Håvard Haarstad examines the problematic of setting targets for carbon emission reduction at the urban scale both in general and specifically in Norway in terms of its pitfalls as well as potential. He first sets up a case for debunking urban climate and energy targets as the vanity projects of street-smart local politicians—the targets do not seem to be achievable and policies to realise them are not systematically deployed. Then he takes a step back to point out that the very act of target-setting has performative and discursive power, it imbues actors with the ability to point at a goal and orchestrate ambitious actions around it that might otherwise have failed to get off the ground. This normalising of mitigation targets in various forms at the urban scale, in Haarstad’s rendering, enables energy transitions. It does so by establishing new accountability relations in a graduated manner that imbricates them within existing routines of decision-making and configurations of power. For strategies to legitimate carbon reduction, discretion may well be the better part of confrontation in shifting policy-making over vital domains to the urban scale for implementation in line with climate target creep.
Benjamin Sovacool bases his reflections on engagement with electric vehicle roll-out in the five Nordic countries, a region that is in the global lead on this energy infrastructure and mobility decarbonisation transition. Drawing on an impressive range of empirical material, this case highlights the many urgent reasons for a shift to electric mobility. It engages closely with the materiality and political economic dynamics of how this transition actually pans out in order to throw into relief how electric mobility alone can hardly address the problems it is commonly portrayed as resolving; these problems are deeply embedded within systems of mobility themselves. Sovacool flags unfolding accountability crises linked with inequitable access to electric vehicles, exclusionary and elitist planning, global externalities, and exacerbated social vulnerabilities. The chapter problematises the perpetuation of car-centric mobility alongside planning centred on public transport electrification and points to the perils and promises of how roll-out interfaces with electric grid flexibility and the integration of renewable energy sources. His treatment spans sectoral actors from national authorities to vehicle dealerships and from those affected by extraction to those buying Teslas, in keeping with an appreciation of accountability relations as multi-scalar, multi-sited, polycentric and amorphous in a sectoral layering of regimes.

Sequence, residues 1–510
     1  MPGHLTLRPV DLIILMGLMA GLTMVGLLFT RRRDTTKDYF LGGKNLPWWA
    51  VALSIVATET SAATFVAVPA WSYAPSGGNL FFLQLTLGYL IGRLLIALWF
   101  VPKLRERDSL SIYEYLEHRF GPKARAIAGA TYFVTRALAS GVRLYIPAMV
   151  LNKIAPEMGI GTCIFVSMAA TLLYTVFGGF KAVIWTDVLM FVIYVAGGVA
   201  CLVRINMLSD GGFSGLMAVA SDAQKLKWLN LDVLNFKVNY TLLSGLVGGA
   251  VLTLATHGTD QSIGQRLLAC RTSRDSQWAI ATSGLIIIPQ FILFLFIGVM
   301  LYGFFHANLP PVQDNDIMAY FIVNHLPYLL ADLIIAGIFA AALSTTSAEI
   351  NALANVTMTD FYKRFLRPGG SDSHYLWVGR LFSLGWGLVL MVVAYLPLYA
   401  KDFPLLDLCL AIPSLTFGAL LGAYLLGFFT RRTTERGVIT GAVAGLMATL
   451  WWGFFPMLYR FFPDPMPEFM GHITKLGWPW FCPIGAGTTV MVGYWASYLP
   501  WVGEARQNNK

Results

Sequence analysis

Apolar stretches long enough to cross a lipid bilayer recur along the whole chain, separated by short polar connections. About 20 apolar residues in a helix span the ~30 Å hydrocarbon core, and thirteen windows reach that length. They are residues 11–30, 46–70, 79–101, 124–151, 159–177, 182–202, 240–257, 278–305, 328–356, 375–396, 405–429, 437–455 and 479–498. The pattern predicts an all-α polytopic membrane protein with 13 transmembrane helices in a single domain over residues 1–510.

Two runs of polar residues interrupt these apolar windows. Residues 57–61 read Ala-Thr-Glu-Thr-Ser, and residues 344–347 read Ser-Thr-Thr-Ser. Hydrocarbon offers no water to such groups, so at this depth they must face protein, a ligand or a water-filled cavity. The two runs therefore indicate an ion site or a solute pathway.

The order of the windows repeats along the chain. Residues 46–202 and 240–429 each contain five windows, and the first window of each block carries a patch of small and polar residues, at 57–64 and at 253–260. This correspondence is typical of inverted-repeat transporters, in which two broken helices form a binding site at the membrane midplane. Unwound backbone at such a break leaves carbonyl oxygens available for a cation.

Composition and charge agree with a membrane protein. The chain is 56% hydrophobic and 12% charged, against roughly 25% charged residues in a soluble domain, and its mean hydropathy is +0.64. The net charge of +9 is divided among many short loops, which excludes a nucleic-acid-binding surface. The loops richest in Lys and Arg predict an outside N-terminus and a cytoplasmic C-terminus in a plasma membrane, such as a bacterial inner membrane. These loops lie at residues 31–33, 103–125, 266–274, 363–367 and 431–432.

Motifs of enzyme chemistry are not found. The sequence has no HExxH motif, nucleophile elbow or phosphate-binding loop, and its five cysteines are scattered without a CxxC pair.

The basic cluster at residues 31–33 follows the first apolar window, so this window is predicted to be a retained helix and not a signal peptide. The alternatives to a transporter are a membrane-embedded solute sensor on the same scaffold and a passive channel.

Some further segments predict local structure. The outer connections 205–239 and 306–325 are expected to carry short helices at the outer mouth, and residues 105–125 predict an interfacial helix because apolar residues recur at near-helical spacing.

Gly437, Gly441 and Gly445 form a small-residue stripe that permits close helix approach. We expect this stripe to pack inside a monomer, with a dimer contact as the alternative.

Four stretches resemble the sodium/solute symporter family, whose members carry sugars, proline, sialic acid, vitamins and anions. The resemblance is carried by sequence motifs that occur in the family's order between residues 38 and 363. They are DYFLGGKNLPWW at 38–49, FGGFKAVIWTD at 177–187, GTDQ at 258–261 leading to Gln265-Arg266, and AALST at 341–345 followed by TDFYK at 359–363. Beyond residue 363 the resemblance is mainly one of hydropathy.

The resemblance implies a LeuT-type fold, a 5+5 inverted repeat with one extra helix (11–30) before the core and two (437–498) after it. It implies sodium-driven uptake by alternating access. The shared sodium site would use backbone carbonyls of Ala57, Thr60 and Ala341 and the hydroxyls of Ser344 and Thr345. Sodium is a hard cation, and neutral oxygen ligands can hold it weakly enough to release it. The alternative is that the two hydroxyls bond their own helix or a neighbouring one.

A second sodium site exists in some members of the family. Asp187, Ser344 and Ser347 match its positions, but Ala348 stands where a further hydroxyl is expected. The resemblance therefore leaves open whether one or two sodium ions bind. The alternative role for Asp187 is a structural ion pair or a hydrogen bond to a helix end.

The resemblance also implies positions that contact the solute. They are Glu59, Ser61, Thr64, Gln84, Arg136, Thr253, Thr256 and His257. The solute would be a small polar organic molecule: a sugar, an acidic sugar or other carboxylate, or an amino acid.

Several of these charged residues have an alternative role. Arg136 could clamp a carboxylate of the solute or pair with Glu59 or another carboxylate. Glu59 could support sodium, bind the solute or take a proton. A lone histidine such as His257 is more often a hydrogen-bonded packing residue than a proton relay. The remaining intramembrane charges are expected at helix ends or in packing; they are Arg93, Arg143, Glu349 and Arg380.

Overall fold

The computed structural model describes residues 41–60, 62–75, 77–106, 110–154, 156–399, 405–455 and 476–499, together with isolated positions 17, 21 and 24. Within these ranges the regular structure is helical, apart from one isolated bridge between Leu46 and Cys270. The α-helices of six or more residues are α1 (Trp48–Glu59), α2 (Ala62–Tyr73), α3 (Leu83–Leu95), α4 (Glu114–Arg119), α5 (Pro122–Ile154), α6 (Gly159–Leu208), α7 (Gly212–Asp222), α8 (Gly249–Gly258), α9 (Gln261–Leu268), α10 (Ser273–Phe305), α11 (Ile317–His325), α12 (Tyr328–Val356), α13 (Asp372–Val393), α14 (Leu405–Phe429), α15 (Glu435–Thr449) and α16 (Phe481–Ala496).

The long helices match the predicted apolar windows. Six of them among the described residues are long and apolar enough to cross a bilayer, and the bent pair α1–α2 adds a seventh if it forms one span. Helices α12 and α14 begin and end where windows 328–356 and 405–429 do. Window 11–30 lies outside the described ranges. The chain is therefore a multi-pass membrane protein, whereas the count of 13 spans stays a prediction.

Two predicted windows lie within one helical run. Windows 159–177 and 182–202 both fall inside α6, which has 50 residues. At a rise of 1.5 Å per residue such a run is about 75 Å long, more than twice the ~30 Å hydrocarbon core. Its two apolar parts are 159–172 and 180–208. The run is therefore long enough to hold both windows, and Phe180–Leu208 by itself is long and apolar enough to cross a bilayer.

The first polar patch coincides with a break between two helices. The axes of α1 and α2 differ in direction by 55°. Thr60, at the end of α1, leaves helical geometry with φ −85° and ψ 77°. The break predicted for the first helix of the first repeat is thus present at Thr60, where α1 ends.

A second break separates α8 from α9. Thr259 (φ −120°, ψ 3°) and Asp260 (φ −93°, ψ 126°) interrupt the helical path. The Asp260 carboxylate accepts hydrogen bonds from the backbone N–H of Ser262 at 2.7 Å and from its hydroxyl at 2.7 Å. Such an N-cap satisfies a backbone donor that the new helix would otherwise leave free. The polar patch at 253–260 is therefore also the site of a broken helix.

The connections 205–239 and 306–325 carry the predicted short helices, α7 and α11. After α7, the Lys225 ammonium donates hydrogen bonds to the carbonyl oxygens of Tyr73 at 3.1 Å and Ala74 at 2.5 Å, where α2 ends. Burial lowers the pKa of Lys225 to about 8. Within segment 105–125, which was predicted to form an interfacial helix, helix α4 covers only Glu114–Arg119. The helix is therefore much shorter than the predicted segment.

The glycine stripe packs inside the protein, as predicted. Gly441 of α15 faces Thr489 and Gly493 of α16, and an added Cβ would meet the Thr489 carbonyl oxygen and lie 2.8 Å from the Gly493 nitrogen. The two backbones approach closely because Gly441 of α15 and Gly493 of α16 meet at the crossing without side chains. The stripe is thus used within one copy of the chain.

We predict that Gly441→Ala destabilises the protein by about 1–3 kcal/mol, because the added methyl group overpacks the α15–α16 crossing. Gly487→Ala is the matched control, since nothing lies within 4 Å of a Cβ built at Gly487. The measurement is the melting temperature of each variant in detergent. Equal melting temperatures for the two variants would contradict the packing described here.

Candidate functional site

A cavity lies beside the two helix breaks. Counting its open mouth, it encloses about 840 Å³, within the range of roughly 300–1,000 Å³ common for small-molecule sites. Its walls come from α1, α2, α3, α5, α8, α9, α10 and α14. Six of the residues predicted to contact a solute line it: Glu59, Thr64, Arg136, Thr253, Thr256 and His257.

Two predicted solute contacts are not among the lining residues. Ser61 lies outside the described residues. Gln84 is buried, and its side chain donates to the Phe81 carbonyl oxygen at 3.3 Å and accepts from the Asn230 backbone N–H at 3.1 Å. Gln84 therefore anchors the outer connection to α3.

Steven Wolf thinks through a case of dysfunctional habitat exchange markets around the sage-grouse in Colorado to interrogate the construction of hollow accountability. On the one hand, science-based assessment presents energy extractive industries with clear costs associated with oil and gas extraction activities so as to compensate for the displacement of this endangered species by provisioning for habitat replacement. Institutional orchestration creates the requisite paraphernalia around this, including actors to execute compensatory habitat exchange, a quantification tool and a market to facilitate these transactions. On the other hand, power trumps substantive assessment, as the extractive majors refuse to entertain the estimated costs and the habitat exchange fails to record a single transaction. Wolf argues that these developments are rightly understood as situated within accompanying changes at the federal and state levels pertaining to regulation and political dynamics. Rather than a case of abject failure, he reads it as the construction of requisite institutions to exercise accountability mechanisms that render energy extraction and biodiversity conservation not necessarily mutually exclusive, given political will and future enabling policy. This cross-sectoral analysis raises questions of legitimacy for the evolution of the energy sector in the American West, evidencing a lack of credibility to claims of energy transition.
After the five case chapters comes Part III, which comprises editorial reflections and a co-authored concluding synthesis. It takes a step back to revisit the cases at a higher level of abstraction. Chapter 9 draws out the various registers where practices of legitimation are at work in each case. Chapter 10 demonstrates application of the practices of legitimation within dimensions that are present in the five cases and highlights opportunities to cross-fertilise scholarship on energy transitions and environmental governance. Part III thus brings together openings in the fields that are broached by the case chapters and by the framing of the book. With this in mind, the reader is invited into the wide-ranging world of energy transitions over the course of Chaps. 4, 5, 6, 7 and 8.